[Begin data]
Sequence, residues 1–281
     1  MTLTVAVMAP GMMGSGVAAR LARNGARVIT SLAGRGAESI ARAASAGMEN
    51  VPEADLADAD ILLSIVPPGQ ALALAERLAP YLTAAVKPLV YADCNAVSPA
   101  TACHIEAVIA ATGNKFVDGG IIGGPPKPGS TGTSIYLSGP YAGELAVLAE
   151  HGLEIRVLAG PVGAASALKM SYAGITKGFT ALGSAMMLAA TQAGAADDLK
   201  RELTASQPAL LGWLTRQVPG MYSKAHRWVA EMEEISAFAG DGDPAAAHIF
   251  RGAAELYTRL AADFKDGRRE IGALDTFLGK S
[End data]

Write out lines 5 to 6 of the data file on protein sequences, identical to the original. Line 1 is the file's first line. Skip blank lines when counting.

   151  HGLEIRVLAG PVGAASALKM SYAGITKGFT ALGSAMMLAA TQAGAADDLK
   201  RELTASQPAL LGWLTRQVPG MYSKAHRWVA EMEEISAFAG DGDPAAAHIF